I don’t know about you, but one of my favorite fair foods is a tender-on-the-inside, crispy-skinned fried turkey leg. It’s hands-down the best part of the turkey. Now, some people are all about frying up the whole turkey, but I just can’t recommend it. (I mean, have you seen what can happen?)
So let’s play it safe, mmm-kay? Here’s the quick and easy way to get tasty fried turkey without burning the house down.
The beauty of this recipe is you only need three ingredients: peanut oil, turkey legs and Cajun seasoning. The trick is all in how you put them all together. You’ll also want a heavy-bottomed stockpot or Dutch oven and a thermometer to keep tabs on your oil temp. Look for a thermometer labeled for deep-frying or candy making. They attach directly to your pan so you can always keep a read on the oil temperature–which is key for getting that just-right crispiness on the outside.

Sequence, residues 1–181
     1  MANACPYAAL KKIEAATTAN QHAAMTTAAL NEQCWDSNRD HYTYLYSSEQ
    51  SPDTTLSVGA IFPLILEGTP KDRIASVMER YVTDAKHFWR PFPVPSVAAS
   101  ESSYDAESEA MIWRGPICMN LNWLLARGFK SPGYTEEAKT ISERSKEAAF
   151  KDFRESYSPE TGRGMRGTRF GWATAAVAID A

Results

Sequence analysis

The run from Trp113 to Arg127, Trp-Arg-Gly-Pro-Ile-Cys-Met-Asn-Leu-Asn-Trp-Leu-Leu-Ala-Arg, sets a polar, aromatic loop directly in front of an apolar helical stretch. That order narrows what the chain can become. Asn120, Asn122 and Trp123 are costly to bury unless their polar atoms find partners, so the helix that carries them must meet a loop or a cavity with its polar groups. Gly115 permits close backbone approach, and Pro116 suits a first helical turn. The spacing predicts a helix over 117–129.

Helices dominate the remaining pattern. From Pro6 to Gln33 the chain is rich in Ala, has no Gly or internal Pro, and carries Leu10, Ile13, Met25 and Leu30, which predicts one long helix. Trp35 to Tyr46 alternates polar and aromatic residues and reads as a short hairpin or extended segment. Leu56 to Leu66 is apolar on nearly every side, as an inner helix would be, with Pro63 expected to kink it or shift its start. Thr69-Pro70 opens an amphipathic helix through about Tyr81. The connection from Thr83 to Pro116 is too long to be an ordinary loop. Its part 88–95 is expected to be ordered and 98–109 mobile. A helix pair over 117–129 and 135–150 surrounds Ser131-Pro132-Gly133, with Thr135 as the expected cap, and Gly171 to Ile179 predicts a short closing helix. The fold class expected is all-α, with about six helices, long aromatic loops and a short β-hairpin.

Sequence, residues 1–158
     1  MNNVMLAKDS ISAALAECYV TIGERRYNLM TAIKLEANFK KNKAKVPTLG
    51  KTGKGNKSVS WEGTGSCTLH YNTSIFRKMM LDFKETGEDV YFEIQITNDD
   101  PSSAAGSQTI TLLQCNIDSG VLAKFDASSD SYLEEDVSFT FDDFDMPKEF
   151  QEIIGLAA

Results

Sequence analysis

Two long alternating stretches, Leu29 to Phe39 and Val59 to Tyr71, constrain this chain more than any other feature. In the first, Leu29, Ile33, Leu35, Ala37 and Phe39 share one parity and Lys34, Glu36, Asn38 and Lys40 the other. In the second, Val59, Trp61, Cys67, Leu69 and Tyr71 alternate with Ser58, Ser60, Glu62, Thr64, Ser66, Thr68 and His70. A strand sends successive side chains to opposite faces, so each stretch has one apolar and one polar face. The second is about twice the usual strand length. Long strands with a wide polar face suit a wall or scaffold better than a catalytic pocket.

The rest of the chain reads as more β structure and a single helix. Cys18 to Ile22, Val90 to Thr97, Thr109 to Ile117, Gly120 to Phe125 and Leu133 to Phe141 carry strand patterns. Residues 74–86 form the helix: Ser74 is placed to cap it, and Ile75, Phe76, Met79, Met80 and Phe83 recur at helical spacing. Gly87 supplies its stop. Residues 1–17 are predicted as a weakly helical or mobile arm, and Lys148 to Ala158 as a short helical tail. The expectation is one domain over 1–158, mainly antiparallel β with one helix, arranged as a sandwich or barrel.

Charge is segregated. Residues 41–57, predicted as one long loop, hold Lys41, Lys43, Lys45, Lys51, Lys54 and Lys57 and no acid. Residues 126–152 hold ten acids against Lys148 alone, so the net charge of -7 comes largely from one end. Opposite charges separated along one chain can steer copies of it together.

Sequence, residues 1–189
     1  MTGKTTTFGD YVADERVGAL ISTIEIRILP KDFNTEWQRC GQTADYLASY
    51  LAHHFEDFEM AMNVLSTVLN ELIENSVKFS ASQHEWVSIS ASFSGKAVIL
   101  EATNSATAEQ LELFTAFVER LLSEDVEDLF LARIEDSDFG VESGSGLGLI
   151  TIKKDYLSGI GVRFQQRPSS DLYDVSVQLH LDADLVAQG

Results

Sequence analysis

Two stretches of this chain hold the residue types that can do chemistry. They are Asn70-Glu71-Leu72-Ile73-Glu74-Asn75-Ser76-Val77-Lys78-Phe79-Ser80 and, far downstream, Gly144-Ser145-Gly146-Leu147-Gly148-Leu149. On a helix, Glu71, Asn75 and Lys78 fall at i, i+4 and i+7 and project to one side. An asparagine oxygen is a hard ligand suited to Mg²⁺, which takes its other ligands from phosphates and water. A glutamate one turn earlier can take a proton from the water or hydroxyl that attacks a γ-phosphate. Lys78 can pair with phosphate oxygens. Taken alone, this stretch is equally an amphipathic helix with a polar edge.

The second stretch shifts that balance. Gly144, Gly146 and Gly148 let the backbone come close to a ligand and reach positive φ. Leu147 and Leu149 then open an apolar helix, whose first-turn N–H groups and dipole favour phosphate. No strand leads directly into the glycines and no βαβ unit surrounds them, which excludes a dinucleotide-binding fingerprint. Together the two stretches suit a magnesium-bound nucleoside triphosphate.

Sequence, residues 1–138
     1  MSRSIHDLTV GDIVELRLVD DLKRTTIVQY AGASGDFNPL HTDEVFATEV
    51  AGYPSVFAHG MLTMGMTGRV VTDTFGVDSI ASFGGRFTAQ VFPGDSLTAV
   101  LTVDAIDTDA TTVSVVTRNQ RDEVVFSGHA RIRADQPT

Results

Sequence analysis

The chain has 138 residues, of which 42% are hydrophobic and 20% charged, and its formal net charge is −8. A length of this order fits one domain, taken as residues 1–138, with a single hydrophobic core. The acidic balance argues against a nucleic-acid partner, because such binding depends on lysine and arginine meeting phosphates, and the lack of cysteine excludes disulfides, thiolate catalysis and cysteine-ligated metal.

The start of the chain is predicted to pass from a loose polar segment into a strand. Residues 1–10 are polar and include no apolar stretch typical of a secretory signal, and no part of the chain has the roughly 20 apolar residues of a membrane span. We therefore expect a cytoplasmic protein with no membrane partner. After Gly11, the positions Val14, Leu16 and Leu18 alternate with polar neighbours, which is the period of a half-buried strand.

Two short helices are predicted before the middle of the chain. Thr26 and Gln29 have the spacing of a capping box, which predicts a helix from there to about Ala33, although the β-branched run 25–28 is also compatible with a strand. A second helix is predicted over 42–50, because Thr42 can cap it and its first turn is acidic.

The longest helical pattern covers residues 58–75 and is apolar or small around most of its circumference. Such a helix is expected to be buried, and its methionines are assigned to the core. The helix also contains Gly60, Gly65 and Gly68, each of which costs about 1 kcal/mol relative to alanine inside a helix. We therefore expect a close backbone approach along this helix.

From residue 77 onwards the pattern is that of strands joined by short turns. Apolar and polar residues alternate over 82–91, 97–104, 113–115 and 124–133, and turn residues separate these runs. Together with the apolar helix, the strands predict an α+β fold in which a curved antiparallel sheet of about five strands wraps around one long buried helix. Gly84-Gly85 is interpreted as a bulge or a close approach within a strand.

Ready? Let’s get started!
How to Make Fried Turkey Legs: Step-by-Step
Step 1: Heat 8 cups of peanut oil in your pan until it reaches 375°F. I recommend peanut oil because its high smoke point means your house won’t end up smelling like the fair. You could also use canola or vegetable oil. Meanwhile, pat the turkey legs dry and then season them. I needed about 3 tablespoons of seasoning for 6 turkey legs.
Step 2: Now the fun part! Fry up to 2 turkey legs at a time, leaving the remaining turkey in the fridge to keep cool and dry. It’ll take about 14 to 16 minutes per batch—just be sure to turn about once halfway through. The key to crispy turkey legs is to keep the oil at a constant 375°F. Remember the oil temperature drops a bit each time you add turkey to the hot oil.
You’re looking for a delicious golden brown, and of course the thickest part of the meat should be cooked to 165°F.
Step 3: Drain the cooked turkey legs on paper towels. You can keep the first batch of turkey legs warm on a sheet pan (no paper towel) in a 200°F oven while you cook the remaining legs.
*Tip: You can easily double this recipe before you’d need to start with fresh oil. Just keep an eye on the level of oil in your pot and try to maintain the same amount throughout cooking.